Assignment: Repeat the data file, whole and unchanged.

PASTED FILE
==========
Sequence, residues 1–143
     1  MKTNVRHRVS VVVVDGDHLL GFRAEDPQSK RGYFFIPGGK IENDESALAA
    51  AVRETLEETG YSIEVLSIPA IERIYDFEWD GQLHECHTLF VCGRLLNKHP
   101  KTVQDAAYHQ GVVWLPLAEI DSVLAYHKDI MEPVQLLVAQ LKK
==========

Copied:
Sequence, residues 1–143
     1  MKTNVRHRVS VVVVDGDHLL GFRAEDPQSK RGYFFIPGGK IENDESALAA
    51  AVRETLEETG YSIEVLSIPA IERIYDFEWD GQLHECHTLF VCGRLLNKHP
   101  KTVQDAAYHQ GVVWLPLAEI DSVLAYHKDI MEPVQLLVAQ LKK